2. Act fast or it could be gone – a ranger told us that if we were there 2 weeks earlier, we could have seen the superbloom that started everyone going bananas and that many were calling the best they’d ever seen. As it was, we saw incredibly beautiful and diverse flowers covering huge swaths of the valley around Beatty Cutoff, the east entrance and even around Ubehebe Crater. It’s hard to imagine we may have missed the best and thickest of it a week or two earlier on south Badwater Road.   
  3. Consider the weather forecast – We were surprised to have missed the full force superbloom because the NPS and news articles said it would last until mid-March, and our visit was 5 days in the first week of March. Unfortunately, the 2 weeks before we visited had been unseasonably hot with every day in the 90s. In addition, forecasted rainstorms needed for sustained flower growth never materialized. While we were there there were actually two different storm systems that rolled through. The first produced only insane wind for about 24 hours. Not only did this literally rip our fly apart, but it ripped a lot of flowers apart. The second storm lightly rained off and on all of our last day. Driest place on Earth my foot 😉 (Death Valley only averages 2 inches of rain a year in the valley). Unfortunately we couldn’t stay to see the new blooms that rain hopefully enabled.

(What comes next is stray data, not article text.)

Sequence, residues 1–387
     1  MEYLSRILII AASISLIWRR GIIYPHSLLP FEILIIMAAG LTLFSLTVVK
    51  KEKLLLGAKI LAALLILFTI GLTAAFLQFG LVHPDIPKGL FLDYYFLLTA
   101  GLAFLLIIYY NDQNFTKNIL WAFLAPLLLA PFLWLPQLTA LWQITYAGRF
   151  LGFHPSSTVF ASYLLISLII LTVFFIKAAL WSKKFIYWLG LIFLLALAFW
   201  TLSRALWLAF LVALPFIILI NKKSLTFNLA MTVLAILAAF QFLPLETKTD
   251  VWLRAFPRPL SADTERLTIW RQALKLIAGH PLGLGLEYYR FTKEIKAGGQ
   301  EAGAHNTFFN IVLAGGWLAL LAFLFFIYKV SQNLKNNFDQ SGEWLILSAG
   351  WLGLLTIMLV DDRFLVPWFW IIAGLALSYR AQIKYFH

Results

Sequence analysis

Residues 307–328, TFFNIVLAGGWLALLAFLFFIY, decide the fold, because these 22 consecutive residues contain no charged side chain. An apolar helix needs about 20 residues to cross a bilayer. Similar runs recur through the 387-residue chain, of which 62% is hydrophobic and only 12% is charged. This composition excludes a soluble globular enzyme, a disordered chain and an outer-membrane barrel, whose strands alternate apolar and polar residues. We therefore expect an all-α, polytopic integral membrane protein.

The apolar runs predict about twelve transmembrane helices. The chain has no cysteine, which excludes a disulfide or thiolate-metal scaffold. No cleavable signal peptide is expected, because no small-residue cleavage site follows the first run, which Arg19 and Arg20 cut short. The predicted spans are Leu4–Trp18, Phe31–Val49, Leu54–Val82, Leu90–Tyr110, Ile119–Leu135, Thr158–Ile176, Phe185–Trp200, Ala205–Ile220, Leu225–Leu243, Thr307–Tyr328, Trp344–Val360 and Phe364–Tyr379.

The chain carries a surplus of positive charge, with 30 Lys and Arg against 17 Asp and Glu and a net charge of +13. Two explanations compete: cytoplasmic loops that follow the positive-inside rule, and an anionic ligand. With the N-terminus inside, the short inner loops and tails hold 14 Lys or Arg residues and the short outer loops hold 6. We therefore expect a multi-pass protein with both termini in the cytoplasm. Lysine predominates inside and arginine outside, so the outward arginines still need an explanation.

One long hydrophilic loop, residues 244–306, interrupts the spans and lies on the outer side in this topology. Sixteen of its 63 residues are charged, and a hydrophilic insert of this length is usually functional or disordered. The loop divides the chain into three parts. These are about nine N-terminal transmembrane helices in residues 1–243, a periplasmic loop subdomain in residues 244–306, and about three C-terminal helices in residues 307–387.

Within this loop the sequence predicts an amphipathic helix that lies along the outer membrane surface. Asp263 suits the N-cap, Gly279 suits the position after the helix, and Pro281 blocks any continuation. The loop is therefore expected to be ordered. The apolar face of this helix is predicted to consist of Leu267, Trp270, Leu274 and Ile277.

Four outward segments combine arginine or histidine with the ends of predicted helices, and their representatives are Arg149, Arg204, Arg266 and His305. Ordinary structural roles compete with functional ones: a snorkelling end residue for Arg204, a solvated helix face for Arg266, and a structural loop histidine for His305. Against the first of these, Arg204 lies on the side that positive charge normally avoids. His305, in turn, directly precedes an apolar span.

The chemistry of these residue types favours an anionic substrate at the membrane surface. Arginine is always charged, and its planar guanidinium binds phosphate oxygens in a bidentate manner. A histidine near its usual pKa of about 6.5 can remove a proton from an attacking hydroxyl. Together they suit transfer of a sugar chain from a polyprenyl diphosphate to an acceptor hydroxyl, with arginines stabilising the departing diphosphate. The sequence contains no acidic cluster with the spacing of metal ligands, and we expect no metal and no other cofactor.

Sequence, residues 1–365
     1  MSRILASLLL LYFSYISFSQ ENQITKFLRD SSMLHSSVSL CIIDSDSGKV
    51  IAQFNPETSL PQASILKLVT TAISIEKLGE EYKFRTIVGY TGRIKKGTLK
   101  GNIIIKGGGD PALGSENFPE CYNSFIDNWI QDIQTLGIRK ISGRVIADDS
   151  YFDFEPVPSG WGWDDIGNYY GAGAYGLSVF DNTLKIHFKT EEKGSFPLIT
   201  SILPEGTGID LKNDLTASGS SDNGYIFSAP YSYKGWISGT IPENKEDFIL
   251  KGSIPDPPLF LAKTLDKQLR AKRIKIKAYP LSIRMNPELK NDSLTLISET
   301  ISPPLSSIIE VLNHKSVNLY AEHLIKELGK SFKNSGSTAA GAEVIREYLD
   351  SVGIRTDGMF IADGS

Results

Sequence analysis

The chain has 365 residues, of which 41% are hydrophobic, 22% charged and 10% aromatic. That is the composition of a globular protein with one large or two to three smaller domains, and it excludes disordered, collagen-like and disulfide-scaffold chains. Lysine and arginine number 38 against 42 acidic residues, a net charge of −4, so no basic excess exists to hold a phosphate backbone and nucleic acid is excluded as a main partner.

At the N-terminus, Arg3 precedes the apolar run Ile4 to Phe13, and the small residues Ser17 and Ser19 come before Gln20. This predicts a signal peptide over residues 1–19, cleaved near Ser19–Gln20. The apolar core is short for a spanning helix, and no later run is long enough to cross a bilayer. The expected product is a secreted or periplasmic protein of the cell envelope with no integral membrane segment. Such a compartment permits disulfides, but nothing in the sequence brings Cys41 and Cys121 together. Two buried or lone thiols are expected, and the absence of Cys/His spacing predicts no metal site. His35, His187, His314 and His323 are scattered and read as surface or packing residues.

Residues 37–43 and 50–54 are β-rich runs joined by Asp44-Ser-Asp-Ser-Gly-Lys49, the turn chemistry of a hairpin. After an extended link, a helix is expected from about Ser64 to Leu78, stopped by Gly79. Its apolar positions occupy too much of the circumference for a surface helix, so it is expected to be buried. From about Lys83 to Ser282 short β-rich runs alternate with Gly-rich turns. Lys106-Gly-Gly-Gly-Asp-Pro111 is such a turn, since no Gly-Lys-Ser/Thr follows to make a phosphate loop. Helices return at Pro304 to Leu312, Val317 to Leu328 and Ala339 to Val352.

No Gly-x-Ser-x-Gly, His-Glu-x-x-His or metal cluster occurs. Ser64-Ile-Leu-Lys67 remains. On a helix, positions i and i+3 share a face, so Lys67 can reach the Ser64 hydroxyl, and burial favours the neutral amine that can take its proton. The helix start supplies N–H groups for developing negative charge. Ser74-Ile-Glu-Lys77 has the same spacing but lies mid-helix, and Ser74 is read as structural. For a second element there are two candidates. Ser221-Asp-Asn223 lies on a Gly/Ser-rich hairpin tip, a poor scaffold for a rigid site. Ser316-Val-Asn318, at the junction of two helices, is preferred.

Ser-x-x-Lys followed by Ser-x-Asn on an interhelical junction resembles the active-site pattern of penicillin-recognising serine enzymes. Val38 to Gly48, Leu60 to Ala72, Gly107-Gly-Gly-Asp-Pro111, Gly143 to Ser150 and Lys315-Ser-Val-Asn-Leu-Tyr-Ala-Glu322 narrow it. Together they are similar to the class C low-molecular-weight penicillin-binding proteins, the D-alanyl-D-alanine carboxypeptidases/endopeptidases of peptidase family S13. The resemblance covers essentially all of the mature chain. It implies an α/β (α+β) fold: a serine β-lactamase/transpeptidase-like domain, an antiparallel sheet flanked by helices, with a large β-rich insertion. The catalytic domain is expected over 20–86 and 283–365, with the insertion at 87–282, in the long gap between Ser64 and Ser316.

4. Go on less crowded weekdays – Visiting 59 parks in a year doesn’t give you a ton of flexibility to pick and choose dates. We were at Death Valley from Friday through Tuesday, so we ran smack dab into the weekend surge. The parking lots and visitors center were packed. Even so, it doesn’t take too much hiking to find some spots to yourselves (like we managed at Golden Canyon/Gower Gulch). Weekdays have far fewer people and thus allow for more solitude, more accessible Rangers, less traffic, more campground availability and a more enjoyable general experience.